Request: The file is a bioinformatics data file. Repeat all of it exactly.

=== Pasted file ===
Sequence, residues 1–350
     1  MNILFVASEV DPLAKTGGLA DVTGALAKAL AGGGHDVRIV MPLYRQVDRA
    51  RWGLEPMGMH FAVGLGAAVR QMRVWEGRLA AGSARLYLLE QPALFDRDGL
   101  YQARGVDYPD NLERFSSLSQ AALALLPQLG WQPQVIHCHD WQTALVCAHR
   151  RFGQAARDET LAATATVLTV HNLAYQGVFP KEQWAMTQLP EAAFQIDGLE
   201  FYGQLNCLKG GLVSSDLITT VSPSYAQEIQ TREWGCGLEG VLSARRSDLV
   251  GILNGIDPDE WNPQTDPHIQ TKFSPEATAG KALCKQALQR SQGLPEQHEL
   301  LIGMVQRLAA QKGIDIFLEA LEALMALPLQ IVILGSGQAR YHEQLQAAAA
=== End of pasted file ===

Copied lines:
Sequence, residues 1–350
     1  MNILFVASEV DPLAKTGGLA DVTGALAKAL AGGGHDVRIV MPLYRQVDRA
    51  RWGLEPMGMH FAVGLGAAVR QMRVWEGRLA AGSARLYLLE QPALFDRDGL
   101  YQARGVDYPD NLERFSSLSQ AALALLPQLG WQPQVIHCHD WQTALVCAHR
   151  RFGQAARDET LAATATVLTV HNLAYQGVFP KEQWAMTQLP EAAFQIDGLE
   201  FYGQLNCLKG GLVSSDLITT VSPSYAQEIQ TREWGCGLEG VLSARRSDLV
   251  GILNGIDPDE WNPQTDPHIQ TKFSPEATAG KALCKQALQR SQGLPEQHEL
   301  LIGMVQRLAA QKGIDIFLEA LEALMALPLQ IVILGSGQAR YHEQLQAAAA